Nine Natural Vegan Alternatives for Leather

BP World Bureau | Mar 27 2021
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Animal leather once used to be the epitome of luxury. But a lot of customers are turning to vegan leather due to ethical reasons. To be clear, any leather that is not made of animal leather is vegan. However, it includes materials like PVC and PU as well. If your bag’s tag says it is made of faux leather, you can comprehend that it is PVC or PU. While you have done right by the animals, it is still bad for the environment. There are very few brands that create faux leather from recycled materials. The best choice you can make is natural vegan leather aka plant-based leather. They look and feel as luxurious as animal leather. Since plant-based leather is a new entry into the fashion world, here are some of your best options.

1) pinatex 

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Pinatex is the commercial name chosen for pineapple leather. Invented by materials company Ananas Anam, this form of leather is made of fibres of pineapple leather. Contrary to the picture of a woven basket that popped into your head, this vegan leather is gaining popularity for its softness, flexibility, and durability. The source material for pinatex comes all the way from the Philippines as pineapples grow abundantly in the country. This sustainable leather is used in clothes, shoes, and bags. You can find pinatex accessories with brands like Hugo Boss and Nae.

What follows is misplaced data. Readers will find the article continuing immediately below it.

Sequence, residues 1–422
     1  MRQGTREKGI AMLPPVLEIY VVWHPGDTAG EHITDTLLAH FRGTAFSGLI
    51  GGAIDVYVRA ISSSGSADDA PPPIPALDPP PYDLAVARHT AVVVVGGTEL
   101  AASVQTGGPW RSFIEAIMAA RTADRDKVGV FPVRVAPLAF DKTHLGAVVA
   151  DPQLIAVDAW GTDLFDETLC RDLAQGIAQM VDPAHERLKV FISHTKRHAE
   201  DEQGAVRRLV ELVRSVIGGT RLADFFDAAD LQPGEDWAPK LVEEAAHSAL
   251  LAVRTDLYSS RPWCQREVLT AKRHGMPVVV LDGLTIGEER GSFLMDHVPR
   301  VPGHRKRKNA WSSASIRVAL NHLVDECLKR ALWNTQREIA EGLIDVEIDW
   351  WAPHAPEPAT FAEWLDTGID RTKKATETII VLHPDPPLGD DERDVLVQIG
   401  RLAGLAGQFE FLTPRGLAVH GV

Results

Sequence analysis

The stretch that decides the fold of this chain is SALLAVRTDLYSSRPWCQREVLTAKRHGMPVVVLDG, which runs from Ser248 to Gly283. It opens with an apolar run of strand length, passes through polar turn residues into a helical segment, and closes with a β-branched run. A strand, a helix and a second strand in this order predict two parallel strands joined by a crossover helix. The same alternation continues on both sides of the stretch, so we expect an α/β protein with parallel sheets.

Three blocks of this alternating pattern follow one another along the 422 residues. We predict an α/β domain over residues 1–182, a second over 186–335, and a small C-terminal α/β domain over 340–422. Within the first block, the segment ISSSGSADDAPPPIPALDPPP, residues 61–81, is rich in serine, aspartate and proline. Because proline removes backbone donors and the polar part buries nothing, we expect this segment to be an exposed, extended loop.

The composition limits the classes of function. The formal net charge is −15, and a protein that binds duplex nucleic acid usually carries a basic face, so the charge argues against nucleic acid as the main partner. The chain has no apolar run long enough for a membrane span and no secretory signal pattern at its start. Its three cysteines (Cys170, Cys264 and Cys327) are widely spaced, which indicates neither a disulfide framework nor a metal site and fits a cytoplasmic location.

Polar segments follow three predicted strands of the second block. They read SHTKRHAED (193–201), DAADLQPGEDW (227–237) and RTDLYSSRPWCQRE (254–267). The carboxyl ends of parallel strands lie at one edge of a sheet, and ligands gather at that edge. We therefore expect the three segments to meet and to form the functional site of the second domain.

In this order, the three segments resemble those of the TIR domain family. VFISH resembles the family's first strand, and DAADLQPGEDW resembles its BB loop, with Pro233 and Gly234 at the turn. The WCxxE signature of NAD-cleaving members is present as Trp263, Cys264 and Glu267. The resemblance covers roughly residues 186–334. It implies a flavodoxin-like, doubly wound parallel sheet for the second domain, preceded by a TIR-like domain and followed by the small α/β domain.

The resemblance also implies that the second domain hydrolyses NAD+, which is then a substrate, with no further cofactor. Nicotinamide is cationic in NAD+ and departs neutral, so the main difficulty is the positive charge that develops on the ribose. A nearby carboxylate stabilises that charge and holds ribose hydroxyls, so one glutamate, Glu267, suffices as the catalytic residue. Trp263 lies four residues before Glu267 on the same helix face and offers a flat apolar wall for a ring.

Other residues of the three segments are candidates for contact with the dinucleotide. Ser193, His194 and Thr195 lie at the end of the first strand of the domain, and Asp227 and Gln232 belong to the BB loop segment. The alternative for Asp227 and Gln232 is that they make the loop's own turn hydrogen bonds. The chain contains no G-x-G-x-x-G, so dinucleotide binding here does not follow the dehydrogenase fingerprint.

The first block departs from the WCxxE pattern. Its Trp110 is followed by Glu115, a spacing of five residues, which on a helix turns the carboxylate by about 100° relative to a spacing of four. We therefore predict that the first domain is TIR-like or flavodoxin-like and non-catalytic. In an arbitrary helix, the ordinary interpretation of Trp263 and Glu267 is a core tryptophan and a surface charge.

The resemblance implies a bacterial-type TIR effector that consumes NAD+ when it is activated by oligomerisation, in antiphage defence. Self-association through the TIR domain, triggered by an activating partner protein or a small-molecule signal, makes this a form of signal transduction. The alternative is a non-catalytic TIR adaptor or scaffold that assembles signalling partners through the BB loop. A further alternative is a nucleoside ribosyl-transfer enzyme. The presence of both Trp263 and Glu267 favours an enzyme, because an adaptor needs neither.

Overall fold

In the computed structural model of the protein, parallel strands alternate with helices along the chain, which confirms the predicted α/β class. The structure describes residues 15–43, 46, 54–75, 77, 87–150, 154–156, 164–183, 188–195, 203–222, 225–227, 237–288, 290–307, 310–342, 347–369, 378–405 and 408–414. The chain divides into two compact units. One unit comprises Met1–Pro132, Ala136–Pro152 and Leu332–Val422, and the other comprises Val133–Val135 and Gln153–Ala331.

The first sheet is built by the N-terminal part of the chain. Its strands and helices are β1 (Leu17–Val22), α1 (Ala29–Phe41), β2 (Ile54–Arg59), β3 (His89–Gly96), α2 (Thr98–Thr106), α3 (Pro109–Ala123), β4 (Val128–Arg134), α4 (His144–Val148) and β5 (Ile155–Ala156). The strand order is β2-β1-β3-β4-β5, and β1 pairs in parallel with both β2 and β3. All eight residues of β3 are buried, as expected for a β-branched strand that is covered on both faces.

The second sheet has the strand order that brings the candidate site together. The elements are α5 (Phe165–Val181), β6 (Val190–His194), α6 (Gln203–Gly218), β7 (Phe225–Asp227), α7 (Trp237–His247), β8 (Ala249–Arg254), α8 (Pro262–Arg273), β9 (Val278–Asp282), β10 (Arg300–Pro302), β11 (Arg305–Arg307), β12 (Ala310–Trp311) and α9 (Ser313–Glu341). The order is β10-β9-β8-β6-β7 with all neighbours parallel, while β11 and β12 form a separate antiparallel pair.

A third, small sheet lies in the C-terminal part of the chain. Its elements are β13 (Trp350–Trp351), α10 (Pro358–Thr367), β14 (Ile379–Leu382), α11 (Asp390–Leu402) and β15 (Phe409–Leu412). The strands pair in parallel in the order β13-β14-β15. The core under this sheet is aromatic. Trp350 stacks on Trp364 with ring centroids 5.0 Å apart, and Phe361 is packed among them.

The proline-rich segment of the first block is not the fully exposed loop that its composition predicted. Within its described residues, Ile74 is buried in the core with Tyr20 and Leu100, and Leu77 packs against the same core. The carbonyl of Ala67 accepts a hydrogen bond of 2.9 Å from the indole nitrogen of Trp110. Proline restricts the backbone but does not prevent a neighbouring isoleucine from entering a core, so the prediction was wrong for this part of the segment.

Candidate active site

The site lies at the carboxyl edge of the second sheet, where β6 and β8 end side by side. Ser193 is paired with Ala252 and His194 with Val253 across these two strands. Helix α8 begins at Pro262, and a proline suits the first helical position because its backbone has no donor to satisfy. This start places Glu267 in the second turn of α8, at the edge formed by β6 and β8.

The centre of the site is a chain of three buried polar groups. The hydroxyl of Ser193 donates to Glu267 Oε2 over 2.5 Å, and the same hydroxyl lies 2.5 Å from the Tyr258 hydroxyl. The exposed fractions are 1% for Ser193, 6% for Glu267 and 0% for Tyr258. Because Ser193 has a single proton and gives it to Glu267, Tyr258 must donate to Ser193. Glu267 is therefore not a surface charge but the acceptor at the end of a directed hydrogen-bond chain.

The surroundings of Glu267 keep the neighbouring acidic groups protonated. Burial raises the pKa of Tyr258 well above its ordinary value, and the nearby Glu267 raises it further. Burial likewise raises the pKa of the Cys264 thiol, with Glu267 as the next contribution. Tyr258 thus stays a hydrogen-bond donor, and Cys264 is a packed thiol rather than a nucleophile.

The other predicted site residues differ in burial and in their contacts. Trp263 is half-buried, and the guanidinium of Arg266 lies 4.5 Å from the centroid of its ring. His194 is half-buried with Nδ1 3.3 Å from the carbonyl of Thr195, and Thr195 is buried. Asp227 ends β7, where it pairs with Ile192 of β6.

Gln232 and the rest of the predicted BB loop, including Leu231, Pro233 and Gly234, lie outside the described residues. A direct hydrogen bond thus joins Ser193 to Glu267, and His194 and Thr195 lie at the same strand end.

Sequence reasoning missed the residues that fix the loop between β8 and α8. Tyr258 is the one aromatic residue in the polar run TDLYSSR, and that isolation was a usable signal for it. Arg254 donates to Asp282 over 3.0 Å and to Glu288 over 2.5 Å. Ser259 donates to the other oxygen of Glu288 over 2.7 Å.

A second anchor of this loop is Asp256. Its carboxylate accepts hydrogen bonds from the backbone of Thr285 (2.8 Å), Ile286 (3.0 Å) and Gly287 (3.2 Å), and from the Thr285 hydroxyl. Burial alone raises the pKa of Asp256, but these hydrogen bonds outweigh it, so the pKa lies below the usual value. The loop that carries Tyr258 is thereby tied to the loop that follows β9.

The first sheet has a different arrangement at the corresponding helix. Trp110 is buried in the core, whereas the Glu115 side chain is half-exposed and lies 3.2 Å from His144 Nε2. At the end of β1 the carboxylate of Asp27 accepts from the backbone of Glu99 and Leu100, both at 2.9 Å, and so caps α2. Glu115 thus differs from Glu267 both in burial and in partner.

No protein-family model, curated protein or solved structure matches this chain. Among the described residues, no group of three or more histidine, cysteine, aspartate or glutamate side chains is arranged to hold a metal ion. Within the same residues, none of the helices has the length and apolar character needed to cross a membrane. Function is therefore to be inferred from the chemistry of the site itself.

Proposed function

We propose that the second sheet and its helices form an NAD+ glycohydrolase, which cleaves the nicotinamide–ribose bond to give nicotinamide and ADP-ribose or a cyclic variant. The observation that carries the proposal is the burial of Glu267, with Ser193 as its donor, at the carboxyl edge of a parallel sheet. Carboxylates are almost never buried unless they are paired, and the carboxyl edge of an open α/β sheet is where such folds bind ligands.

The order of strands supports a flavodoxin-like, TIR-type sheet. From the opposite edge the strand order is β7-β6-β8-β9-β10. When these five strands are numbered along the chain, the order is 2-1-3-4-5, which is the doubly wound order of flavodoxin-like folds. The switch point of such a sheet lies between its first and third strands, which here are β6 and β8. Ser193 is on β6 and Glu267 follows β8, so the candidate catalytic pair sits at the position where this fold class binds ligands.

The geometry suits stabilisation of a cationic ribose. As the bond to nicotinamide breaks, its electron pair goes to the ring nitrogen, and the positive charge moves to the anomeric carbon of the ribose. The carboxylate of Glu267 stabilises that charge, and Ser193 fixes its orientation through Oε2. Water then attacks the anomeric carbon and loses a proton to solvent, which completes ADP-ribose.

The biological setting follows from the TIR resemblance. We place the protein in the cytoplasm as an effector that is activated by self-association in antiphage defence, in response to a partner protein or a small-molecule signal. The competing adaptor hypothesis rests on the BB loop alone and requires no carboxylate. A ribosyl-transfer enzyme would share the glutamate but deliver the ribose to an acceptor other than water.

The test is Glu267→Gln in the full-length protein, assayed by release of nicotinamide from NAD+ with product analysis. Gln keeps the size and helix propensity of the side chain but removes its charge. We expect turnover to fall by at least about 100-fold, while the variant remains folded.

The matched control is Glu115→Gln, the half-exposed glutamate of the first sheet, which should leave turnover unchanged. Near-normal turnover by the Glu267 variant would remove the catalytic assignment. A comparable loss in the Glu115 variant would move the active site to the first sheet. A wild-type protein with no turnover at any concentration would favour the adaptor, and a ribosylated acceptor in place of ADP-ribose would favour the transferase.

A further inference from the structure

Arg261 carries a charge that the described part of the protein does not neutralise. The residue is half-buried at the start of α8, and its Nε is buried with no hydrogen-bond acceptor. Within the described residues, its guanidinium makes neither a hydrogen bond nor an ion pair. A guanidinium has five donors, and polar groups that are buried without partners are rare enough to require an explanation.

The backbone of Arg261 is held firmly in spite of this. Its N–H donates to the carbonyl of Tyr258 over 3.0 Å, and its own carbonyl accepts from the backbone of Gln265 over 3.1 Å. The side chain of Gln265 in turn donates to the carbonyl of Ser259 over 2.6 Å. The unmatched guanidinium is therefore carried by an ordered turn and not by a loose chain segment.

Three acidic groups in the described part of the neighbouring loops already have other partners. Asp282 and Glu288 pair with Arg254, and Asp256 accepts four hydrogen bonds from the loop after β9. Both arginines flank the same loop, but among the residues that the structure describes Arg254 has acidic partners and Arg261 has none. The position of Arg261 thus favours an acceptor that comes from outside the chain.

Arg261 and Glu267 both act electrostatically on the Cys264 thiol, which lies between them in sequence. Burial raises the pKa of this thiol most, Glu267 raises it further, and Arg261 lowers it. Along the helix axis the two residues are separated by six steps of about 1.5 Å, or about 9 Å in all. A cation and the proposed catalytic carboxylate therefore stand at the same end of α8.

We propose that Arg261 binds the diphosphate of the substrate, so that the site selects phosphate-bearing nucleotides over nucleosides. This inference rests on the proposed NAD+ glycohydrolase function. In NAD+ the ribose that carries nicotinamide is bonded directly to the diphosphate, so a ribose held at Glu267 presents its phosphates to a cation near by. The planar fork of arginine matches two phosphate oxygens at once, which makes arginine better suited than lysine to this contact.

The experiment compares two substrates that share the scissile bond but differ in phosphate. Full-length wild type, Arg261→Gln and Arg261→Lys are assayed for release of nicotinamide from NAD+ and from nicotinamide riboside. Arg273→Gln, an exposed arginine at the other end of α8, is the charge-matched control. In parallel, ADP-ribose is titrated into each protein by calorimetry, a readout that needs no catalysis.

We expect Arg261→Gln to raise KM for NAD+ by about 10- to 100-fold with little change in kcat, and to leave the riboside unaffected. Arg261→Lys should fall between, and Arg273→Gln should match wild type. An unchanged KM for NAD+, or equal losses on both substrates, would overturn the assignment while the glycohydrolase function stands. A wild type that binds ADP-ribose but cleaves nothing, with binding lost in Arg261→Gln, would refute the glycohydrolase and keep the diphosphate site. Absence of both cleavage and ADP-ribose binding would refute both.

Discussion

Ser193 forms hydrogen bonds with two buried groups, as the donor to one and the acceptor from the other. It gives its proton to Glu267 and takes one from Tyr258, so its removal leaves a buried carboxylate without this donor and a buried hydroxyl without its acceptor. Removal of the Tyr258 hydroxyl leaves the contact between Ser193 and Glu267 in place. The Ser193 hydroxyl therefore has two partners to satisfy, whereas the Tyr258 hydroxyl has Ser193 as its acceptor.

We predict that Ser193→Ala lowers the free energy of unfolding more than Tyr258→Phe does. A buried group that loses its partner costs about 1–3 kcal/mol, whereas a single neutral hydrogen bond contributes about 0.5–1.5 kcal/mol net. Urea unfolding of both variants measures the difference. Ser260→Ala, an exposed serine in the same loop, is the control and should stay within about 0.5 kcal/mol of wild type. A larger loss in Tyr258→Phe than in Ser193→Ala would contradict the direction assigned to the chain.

2) Tea Leather 

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Tea leather is another biodegradable material that is gaining popularity in the vegan community. It is made from the by-products of fermented green tea. Developed by the team of researcher Young-A Lee at Iowa State University, tea leather is about putting food waste into use too. The research team was primarily focused on finding an alternate option for synthetic textiles using natural fibres. Using byproducts was an obvious option. The cellulosic material found in green tea acts the same way as leather. It is combined with a hemp-based lining to achieve perfection. It is known for being durable.

3) Muskin Leather

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Muskin leather is made from the skin of mushrooms. It is being welcomed by the fashion industry due to its strength and versatility. The mushroom skin needed for muskin leather is harvested from the caps of the mushroom species that are not edible. The suede-like touch of the muskin leather makes it a very convincing alternative for animal leather. Two brands that are keenly working with muskin leather are Nat-2 and MycoWorks. Vegan fashion enthusiasts are eagerly waiting for muskin leather to challenge animal leather products made by luxury brands.

4) Soy Leather 

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As its name suggests, soy leather is made from soybeans. The credit for its creation goes to an all-female collective called XXLab in Indonesia. The main resource of soy leather is the liquid waste from the large-scale production of tofu. While making a fashionable alternative for animal leather, it also puts food waste into good use. The liquid waste from tofu production is notoriously known for polluting the Indonesian waters. But when boiled and combined with vinegar, sugar, and bacteria, this food waste becomes microbial cellulose. The end result is a highly-durable leather-like fabric.